Irish mortgage rates are a product of many variables and could be somewhat lower if there
were more competitors active in the market. This is because the evidence suggests that the
greater the number of players in a market the greater the competitive rivalry. However as the
CCPC have said “the market we have is the legacy of fifteen years of boom and bust” and
while it has many attractive features, including better than average growth prospects linked to
Irish demographic and economic trends, it also has some characteristics that make it

For instance these include the delay and cost of collateral realisation allied with uncertainty in
relation to banks’ ability to reduce NPLs through selling loans. In recent years Irish banks have
had to resort to loan sales in order to meet regulatory requirements and any restrictions placed
on their ability to do this will create further cost and alternative actions that will be felt by
customers. This could be through higher mortgage pricing and/or reduced choice and capital
allocated to mortgage products. This is not just a one-off historic issue as EU rules due to
come into force in relation to impairment provisions on new NPLs, will also make it less
attractive for banks across Europe to hold and work out mortgage NPLs in the years ahead.

This note explored one aspect of this legacy – the Irish banks’ record breaking loss experience
– and how this continues to leave an imprint through higher capital requirements and pricing
that has become increasingly visible as regulatory demands have increased.

The significant progress Irish banks have made in dealing with NPLs has and will continue to
help reduce RWAs. However, even if NPLs were eliminated today, Irish risk weights on new
mortgage business would remain a multiple of what they are in many countries in Europe
requiring higher mortgage rates to achieve the same returns.

A well-regulated, well capitalised banking system that has enough profitability to support the
economy is in Ireland’s interest. This is self-evident given our recent history and our small open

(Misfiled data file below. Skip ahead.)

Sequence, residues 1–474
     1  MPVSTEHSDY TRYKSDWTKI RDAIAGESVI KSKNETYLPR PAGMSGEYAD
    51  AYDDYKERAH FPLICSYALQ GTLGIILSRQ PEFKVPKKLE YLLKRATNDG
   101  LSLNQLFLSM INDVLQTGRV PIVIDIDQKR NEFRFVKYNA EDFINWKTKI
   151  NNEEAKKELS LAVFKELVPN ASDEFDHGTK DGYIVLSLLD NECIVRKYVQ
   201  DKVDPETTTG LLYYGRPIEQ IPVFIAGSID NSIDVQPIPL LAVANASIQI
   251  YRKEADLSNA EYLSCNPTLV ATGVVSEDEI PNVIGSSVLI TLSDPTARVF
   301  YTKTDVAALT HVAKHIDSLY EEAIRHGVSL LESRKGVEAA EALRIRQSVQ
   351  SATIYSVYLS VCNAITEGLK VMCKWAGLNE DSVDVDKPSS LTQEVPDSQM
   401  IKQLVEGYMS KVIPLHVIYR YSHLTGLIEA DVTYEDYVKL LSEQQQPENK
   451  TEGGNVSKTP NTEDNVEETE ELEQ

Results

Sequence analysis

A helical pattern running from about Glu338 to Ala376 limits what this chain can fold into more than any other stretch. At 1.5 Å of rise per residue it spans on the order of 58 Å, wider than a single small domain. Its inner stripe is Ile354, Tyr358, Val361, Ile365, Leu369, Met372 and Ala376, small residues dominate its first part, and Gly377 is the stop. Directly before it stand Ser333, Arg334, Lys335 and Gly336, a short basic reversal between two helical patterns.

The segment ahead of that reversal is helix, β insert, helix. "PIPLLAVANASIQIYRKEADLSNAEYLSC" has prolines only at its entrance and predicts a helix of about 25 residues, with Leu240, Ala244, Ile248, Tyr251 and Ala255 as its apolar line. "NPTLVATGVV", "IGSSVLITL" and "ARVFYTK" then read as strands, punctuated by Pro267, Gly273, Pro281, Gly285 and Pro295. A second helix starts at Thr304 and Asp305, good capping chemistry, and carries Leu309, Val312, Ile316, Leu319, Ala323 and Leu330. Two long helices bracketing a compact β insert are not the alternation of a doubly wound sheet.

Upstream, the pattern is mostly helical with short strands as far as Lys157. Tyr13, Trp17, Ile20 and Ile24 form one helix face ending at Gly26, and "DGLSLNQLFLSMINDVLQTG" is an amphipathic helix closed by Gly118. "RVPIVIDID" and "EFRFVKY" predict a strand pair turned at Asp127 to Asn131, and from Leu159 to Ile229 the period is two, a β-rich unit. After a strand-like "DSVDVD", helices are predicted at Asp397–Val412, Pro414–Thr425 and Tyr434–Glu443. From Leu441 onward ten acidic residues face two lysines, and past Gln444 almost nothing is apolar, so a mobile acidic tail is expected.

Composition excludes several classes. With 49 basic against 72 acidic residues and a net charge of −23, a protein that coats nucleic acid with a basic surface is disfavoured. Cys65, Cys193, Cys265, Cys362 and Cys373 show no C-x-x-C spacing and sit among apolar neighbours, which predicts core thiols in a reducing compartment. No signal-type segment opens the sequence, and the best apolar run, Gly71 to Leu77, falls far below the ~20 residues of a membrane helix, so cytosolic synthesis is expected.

economy which is more volatile than most. It is also why Ireland is very supportive of the
regulatory changes that have taken place across the EU and proposals for a true Banking
Union. However, all safety nets or insurance come with a cost and the nature and extent of this
cost and how it is paid is not well understood. One element of this cost is what banks charge
for their products, including mortgages.

As a result the all in cost (profit and loss as well as balance sheet) for a deposit funded retail
bank to offer a mortgage in Ireland is higher than the European average and if it wishes to
generate the same return it must charge a higher price.

Risk Weight Assets in Ireland

New entrants considering whether to enter the Irish mortgage market cannot entirely escape
the Irish loss experience when it comes to pricing decisions – at least if they are traditional
deposit funded banks. This means that non-banks or retail credit firms31 that are not subject to
the same bank capital rules, have a valuable competitive advantage when it comes to pricing,
and could represent a real and under-appreciated competitive threat to the incumbents in the
years ahead.

Clearly such an advantage would be weighed up with all of the other characteristics of the Irish
market in determining whether to compete, not all of which are positive in nature.

  Clearly such new entrants, be they technology led or otherwise, have many disadvantages relative to incumbent banks to
overcome in the areas of customer familiarity, distribution, underwriting skills etc.

Risk Weight Assets in Ireland

Appendix 1: Headline versus APRC new mortgage rates by country

                                Headline mortgage
 Country                               rate         APRC

 Ireland                             3.04%          2.97%
 Austria                             1.79%          2.26%
 Belgium                             1.86%          2.04%
 Denmark                             1.60%          2.49%
 France                              1.50%          2.15%
 Germany                             1.88%          1.94%
 Greece                              3.15%          3.52%
 Italy                               1.90%          2.27%
 Netherland                          2.43%          2.44%
 Norway                              1.60%            n/a
 Portugal                            1.36%          1.94%
 Spain                               2.01%          2.28%
 Sweden                              1.47%          1.47%
 UK                                  2.09%          2.17%
 Europe average                      1.79%          2.11%

Source: ECB.

Risk Weight Assets in Ireland

Appendix 2: The equity capital equation

                       The higher RWAs are, the higher equity
                        must be to achieve the same % figure

  Note: SREP stands for supervisory review evaluation process and culminates in the bank being given a minimum capital requirement
  to maintain by the SSM. Local buffers are decided by national competent authorities. Banks would normally maintain a buffer level of
  capital above whatever the regulator indicates, though this is ignored here for simplicity.

Risk Weight Assets in Ireland

Appendix 3: UBS Global Real Estate Bubble Index

2018 data                               2017 data